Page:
• The “Percentage of total population in region” and “Percentage of range in region” statistics were excluded for species when experts judged that more than 25% of the range occurred outside the “modeled area”.
  • Finally, trend maps are presented for only subset of species during the breeding and non-breeding seasons, due to the greater volume of data required for these analyses. We will present trend estimates for a larger group of species in future releases.

Can I download the data?

The following products are currently available for download:

  • Spatial data for range boundaries can be downloaded as Geopackage (GPKG) files. The boundaries are available both as raw (directly from the analysis) and smoothed (as seen in the visualizations) range boundaries. See the Range section below to learn more.
  • All images of the range maps, abundance maps, habitat charts, and predictive performance plots can be downloaded and used for presentations and display.
  • The complete set of regional abundance and range statistics are available as a CSV file for download.

Raster data for the weekly abundance estimates will be made available for download in 2019.

All downloads are available on the Download page.  All downloadable products can be used for research, presentations, or display on webpages provided they are properly attributed; see our Recommend Citation below or here. Note that the downloadable range information available in the raw GPKG files includes results for Colombia, Venezuela, and Cuba which are excluded from the online maps. We recommend caution when using the products in these areas.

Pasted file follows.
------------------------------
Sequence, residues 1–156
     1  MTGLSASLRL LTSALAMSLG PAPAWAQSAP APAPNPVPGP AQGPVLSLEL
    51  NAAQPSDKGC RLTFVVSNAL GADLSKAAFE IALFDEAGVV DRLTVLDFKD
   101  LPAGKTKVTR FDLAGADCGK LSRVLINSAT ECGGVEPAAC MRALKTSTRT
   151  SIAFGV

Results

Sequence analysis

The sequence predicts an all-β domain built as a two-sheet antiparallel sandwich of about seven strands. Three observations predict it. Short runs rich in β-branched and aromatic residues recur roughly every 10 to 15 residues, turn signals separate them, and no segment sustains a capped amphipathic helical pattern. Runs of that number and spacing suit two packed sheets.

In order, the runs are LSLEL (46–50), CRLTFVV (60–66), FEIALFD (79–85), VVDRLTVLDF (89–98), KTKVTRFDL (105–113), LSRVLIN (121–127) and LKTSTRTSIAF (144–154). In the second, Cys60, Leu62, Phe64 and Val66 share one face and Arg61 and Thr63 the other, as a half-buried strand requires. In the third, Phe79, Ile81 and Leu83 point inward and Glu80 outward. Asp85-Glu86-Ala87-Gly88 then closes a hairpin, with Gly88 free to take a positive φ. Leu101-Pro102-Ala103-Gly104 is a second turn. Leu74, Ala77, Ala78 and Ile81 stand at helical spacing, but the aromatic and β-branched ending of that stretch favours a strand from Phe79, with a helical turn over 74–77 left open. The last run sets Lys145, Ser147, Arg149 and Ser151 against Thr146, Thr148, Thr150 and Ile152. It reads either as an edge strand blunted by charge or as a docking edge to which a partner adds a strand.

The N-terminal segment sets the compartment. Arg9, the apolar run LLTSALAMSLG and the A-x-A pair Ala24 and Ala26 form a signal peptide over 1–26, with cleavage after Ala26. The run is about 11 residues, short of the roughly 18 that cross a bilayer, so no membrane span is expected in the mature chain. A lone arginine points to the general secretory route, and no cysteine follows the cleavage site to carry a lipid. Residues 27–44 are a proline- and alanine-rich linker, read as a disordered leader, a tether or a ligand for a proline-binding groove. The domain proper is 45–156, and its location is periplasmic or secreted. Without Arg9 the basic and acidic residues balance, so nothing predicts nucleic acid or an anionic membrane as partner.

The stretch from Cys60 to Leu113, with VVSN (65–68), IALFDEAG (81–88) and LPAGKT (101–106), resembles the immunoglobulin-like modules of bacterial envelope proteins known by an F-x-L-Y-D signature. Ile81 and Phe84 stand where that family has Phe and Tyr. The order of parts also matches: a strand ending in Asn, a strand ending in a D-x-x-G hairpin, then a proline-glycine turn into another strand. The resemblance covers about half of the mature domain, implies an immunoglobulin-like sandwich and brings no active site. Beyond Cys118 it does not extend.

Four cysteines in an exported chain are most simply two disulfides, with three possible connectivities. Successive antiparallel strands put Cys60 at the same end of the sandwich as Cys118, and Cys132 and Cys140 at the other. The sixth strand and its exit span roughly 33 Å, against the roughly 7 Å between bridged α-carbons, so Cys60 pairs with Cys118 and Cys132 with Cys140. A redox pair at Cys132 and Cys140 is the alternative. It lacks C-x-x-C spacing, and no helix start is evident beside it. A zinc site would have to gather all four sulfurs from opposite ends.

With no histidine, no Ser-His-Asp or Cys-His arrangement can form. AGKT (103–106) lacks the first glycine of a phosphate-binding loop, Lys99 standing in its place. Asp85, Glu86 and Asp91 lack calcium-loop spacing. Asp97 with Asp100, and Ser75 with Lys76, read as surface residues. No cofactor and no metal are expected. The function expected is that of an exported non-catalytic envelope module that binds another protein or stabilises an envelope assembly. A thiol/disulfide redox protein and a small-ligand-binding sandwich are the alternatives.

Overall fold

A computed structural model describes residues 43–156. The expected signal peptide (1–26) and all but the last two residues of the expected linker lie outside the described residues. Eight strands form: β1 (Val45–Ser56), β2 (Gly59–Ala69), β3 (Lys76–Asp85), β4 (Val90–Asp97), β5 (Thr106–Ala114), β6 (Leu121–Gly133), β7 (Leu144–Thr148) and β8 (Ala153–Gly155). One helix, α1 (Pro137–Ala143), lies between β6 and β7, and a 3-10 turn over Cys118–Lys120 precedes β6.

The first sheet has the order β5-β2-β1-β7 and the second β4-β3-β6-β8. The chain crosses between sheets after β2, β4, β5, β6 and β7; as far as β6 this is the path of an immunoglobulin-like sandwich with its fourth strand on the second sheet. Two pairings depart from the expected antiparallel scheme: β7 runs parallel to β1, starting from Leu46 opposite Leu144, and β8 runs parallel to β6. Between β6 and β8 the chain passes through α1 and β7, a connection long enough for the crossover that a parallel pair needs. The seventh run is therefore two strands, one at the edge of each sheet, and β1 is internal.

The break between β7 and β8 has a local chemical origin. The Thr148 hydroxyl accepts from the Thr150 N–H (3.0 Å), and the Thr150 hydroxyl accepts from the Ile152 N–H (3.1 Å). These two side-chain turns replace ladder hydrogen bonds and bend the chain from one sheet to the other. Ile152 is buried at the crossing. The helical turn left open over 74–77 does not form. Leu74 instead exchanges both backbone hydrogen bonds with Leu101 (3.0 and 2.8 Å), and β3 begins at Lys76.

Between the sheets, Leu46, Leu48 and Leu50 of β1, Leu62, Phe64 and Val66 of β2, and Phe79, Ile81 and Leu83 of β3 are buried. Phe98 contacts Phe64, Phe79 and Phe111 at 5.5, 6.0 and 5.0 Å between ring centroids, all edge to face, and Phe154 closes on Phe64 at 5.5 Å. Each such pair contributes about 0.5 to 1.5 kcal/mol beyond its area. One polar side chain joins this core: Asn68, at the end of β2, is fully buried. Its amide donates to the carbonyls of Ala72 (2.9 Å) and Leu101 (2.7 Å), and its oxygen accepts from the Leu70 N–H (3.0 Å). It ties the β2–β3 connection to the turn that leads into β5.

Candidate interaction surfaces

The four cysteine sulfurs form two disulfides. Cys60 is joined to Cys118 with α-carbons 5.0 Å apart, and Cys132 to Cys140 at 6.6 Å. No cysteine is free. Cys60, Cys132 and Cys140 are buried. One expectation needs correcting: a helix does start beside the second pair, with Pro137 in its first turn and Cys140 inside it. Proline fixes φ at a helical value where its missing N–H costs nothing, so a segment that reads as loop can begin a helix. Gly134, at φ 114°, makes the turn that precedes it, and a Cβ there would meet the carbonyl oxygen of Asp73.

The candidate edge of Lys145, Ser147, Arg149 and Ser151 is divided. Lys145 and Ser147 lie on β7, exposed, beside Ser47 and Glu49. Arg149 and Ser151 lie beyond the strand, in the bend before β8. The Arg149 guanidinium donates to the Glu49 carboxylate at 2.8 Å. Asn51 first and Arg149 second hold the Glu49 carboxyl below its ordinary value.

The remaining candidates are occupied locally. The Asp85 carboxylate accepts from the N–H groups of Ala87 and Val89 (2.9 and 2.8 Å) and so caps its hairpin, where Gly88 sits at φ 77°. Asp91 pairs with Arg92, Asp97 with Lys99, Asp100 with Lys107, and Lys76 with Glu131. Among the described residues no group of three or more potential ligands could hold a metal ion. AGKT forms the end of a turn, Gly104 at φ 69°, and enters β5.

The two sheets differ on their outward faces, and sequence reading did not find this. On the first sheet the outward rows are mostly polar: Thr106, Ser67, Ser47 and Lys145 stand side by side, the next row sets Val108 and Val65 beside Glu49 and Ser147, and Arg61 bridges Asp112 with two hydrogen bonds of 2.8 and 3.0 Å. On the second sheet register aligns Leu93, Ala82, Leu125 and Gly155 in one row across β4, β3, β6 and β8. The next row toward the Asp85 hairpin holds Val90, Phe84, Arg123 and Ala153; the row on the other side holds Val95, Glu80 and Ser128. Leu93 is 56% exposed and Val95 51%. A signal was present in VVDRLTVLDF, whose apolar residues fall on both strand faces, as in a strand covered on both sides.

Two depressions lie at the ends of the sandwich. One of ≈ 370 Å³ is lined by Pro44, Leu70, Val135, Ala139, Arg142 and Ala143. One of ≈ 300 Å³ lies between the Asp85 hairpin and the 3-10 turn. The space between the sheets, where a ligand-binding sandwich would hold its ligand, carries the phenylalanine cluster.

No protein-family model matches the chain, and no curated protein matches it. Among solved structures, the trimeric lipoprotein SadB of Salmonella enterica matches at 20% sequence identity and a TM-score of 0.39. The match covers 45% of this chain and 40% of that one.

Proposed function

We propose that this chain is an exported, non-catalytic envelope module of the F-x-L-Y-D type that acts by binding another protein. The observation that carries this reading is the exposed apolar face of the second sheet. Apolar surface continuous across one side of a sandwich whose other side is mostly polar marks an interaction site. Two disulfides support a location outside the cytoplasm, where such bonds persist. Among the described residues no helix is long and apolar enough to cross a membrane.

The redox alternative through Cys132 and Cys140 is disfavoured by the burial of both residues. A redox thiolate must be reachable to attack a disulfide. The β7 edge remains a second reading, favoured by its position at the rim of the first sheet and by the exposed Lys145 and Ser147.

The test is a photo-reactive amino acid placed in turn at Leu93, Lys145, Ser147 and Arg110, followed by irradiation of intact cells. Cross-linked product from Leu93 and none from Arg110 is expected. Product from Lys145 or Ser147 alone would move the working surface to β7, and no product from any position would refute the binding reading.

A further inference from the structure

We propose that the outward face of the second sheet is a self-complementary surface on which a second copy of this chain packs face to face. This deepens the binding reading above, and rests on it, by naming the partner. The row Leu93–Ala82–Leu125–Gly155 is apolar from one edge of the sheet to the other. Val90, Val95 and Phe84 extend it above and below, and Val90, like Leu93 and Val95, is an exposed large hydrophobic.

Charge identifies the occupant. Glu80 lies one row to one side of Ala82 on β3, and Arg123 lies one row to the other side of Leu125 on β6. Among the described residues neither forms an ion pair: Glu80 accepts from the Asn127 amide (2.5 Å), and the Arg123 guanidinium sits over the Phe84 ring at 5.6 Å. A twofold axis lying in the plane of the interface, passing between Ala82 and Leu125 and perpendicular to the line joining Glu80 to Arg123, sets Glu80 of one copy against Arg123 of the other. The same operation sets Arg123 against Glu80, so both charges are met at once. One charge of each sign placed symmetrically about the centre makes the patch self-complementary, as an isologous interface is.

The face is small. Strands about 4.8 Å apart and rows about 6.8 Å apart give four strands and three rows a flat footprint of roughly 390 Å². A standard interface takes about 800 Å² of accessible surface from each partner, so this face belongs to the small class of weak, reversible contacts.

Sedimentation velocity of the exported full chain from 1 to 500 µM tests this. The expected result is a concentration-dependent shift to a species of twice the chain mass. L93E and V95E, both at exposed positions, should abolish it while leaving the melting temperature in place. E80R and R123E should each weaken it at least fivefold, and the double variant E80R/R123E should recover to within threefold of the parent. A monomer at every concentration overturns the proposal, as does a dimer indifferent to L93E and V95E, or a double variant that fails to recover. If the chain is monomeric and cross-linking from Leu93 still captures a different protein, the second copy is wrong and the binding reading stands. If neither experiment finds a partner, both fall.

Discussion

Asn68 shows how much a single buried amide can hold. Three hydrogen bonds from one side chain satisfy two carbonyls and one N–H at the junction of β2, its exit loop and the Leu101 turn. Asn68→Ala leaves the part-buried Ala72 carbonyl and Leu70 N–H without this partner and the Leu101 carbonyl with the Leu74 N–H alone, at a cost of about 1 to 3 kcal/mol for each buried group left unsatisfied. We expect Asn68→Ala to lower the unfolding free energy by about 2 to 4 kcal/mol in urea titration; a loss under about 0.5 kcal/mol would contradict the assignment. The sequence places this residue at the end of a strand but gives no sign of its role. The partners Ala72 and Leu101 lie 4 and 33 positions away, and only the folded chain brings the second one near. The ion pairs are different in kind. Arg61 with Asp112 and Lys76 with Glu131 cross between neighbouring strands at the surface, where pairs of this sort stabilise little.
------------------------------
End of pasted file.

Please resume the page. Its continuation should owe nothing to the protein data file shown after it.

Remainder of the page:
Recommended citation: Fink, D., T. Auer, A. Johnston, M. Strimas-Mackey, M. Iliff, and S. Kelling. eBird Status and Trends. Version: November 2018. https://ebird.org/science/status-and-trends. Cornell Lab of Ornithology, Ithaca, New York.

How can I find out more about the data analysis used to generate these products?

To generate the eBird Status and Trend products, we use statistical and machine learning models that combine the bird observation data from eBird with environmental data from NASA. The analytical process is also designed to correct for biases and gaps within the eBird data. You can read more about the methods in a number of technical scientific publications. For a more comprehensive description of the eBird database from a scientific perspective see Sullivan et al. 2014. The preprint by Fink et al. 2018 provides an overview of the data and models used for the Status and Trend products. The model used to estimate species’ relative abundance is described in Johnston et al. 2015. Details about the methods used to scale the relative abundance model across large spatial and temporal extents can be found in Fink et al. 2010 and Fink et al. 2013. Finally, a technical report with additional information on the specific methods used for the Status and Trend is forthcoming, so check back for the link!